You should also call the Defense Enrollment Eligibility Reporting Service (DEERS) Support Office at 1-800-538-9552 to ensure that you and your wife are properly registered in that database. Ask whether you and your wife are eligible for Tricare. As you are a uniformed service retiree, your wife should be eligible for Tricare Prime or Tricare Standard coverage now.

In the meantime, visit the Tricare web site and make a note of the contact information for your regional office. You can read overviews for Standard and Prime, as well. Tricare Standard is free; Tricare Prime costs $460 per year for a family of two people or more. Both plans can be used to supplement any other health insurance you have. Tricare Standard, however, is the recommended plan for people with other health insurance.  It will pay all, or most, of the deductible and copayment from your other health insurance.

Will Tricare and federal plan cancel out my copays?

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Q. I am trying to make a decision about health care and looking for some answers.  I am pregnant, and in order to see a civilian doctor I have to disenroll from Tricare Prime and enroll in Tricare Standard.  I am not happy with the military treatment facility OB care, as the doctors are never the same and each has their own opinion. I am also a federal employee and in my window to enroll for my own insurance.  The cost per month will be about $80 for myself, but there are copays and deductibles.

Will having two health insurances take care of the copays and deductibles, or will I still incur these out-of-pocket fees?

If you are enrolled in one of the plans available under the federal employees health benefits program, it will become your primary coverage.  If you are also enrolled in Tricare Standard, it will be second payer.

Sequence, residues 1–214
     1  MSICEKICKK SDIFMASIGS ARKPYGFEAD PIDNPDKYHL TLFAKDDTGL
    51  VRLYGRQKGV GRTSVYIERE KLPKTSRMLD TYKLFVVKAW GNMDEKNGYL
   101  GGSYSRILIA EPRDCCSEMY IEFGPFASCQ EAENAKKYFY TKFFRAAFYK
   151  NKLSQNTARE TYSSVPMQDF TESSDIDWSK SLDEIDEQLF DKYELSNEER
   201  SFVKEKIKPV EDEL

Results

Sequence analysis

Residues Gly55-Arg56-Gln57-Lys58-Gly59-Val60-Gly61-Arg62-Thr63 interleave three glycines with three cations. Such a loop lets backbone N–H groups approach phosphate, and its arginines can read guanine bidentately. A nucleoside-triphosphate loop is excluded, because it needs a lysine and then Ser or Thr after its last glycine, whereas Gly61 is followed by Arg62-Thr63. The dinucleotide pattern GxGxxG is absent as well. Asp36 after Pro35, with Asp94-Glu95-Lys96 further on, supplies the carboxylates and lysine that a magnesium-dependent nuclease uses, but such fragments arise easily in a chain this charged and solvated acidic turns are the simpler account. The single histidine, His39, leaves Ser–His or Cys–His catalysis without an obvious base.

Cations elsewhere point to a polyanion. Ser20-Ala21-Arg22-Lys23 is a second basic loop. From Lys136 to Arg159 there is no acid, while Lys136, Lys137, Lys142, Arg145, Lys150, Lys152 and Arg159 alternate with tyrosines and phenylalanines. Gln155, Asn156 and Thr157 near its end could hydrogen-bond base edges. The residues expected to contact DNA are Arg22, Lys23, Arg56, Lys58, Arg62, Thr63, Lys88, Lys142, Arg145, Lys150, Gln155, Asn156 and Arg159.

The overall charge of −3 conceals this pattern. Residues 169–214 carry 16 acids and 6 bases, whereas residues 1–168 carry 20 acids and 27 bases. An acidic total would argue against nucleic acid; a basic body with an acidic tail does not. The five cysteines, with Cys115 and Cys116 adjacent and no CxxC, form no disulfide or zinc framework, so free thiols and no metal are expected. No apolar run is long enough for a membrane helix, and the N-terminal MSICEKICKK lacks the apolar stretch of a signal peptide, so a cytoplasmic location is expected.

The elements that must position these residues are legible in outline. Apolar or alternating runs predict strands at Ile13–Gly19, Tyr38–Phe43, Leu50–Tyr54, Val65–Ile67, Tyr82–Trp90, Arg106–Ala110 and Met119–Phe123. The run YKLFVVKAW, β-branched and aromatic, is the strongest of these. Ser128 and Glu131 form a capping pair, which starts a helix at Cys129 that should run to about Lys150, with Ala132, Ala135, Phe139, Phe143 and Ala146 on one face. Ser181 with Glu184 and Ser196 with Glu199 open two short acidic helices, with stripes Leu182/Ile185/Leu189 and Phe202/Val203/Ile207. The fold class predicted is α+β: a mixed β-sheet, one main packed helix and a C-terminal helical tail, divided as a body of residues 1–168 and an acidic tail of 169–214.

As second payer, Tricare Standard will probably pay most, perhaps even all, of the deductibles and copayments of the FEHBP plan.  There are no guarantees, but you should have very little, if any, out-of-pocket medical expenses.

You didn’t say, but I assume you are married and eligible for Tricare through your husband’s service.  He will have to register the baby in DEERS and enroll the baby in Prime or in Standard very soon after birth. Talk with the Tricare Adviser at your MTF about that soon, because I believe you personally will be locked out of Prime for one year.

If you are not married, and if your Tricare eligibility is a result of your father’s or your mother’s military service, your baby, as a grandchild, will not be eligible for Tricare at all.

If you do not know how to file a claim with Tricare as second payer, see my response to this previous question.

Switching Tricare from primary coverage to secondary

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Q. I recently married, and my husband is active-duty Army and will be deployed in December.  I went part-time with my job so I am not eligible for benefits right now, but I will go back to full time in January and will once again be eligible for benefits through that job.  Do I have to use that as my primary insurance, or can I keep Tricare as my primary insurance?

Federal law requires that Tricare must always be last payer to all other health insurance, medical plans such an HMO, or medical payments — such as you might receive as the result of an insurance settlement in an auto accident, slip-and-fall accident, and the like. The only exceptions under the law is if the other coverage is a bona fide, specially written Tricare supplemental policy, or if it is a welfare-related plan such as Medicaid (not Medicare).

During the time when your plan through employment is inactive, Tricare will be first payer — you will file claims with Tricare as your only coverage.  On the first day that your employer’s plan is reactivated, it must become your primary coverage.

When your other health insurance is in force and becomes first payer, you may use Tricare as your secondary coverage.  Tricare will pay much, if not all, of the OHI’s deductibles and copayments, which will greatly reduce your out-of-pocket health care costs.  And Tricare Standard, of course, is free. You can read more about filing claims with Tricare as a second payer here.